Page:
After the event, the visitors from California and a few others including Yasuhiro Kawasaki, head of the Okhotsk Chapter, walked through Koshimizu Gensei Kaen across the highway and spent an hour or so looking at a variety of wild flowers in bloom, including the Ezo-sukashi-yuri (Lilium pensylvanicum) and we wondered how a plant with a scientific species name that sounded like Pennsylvania could have a Japanese name that started with Ezo, indicating Hokkaido origin. We also saw some Ezo-tanpopo – the Ezo Dandelion – which can be distinguished from the Western Dandelion (Seiyou Tanpopo), introduced to Hokkaido in the late 19th century and now widespread, by its upright phyllaries compared to the downturned phyllaries of the Western Dandelion.

Then it was learned that one member of the group from California was a mushroom specialist, so Kawasaki invited the group to his home not far away to inspect edible mushrooms that grew naturally in his garden. The main focus that started with birds suddenly switched to mushrooms, as Kawasaki pulled out guidebooks to the mushrooms of Hokkaido, identifying which ones were edible, which were not, and which were edible according to the guidebook but turned out not to be edible for some unlucky people! A heated discussion ensued on the topic of whether mushrooms were better eaten cooked rather than raw, a Japanese preference in some cases for the sake of flavor.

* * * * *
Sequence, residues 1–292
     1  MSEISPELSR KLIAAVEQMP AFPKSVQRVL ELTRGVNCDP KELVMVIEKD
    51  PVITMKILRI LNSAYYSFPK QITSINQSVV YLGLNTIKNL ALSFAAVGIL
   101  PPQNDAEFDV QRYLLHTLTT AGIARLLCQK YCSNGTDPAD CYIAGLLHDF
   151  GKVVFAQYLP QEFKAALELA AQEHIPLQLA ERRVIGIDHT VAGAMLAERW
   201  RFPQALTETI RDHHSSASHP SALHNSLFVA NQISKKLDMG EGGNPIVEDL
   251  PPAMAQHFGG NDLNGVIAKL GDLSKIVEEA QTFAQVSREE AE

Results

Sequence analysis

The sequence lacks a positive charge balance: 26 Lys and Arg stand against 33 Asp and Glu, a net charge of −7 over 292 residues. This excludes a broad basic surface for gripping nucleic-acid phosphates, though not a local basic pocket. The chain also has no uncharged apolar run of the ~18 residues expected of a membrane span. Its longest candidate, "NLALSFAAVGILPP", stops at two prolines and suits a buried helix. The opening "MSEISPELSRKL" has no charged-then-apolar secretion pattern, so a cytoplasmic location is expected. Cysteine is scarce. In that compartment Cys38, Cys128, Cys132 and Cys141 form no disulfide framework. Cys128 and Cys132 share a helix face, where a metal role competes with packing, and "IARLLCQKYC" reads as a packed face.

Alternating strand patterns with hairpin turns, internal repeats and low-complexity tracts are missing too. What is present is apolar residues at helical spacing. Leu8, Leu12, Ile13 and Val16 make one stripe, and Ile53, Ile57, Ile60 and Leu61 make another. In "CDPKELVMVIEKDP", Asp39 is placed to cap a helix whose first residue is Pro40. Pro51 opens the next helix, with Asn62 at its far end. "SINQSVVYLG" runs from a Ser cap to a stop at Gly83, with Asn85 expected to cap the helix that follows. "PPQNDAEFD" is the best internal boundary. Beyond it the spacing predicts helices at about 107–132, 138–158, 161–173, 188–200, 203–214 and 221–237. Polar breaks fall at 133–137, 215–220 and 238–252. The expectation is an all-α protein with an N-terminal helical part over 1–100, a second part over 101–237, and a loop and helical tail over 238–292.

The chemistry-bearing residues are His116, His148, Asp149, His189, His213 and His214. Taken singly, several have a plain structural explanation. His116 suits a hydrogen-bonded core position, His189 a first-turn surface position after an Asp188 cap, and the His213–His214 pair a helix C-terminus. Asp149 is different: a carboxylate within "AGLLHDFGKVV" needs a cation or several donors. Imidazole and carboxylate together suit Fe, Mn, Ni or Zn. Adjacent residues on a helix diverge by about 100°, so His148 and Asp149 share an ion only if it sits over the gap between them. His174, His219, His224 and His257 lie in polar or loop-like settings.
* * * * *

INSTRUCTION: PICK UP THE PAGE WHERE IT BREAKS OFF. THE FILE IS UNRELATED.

We also talked about some details for our evening event – a slideshow by Ron Felzer and a video show by Yoshiaki Watanabe – that was planned at Freppu, a café in Yobito, near Abashiri.

Slide Show by Ron Felzer and Video Show by Yoshiaki Watanabe

Six o'clock in the evening marked the start of a wonderful dinner of both Japanese and Western dishes prepared by Yoko Sato, proprietor of Freppu, a café in Yobito just outside Abashiri near the bank of Lake Abashiri, and by Megumi Watanabe and Yuriko Oikawa. Freppu is frequented by many locals with interests in the nature of the Okhotsk region where they live.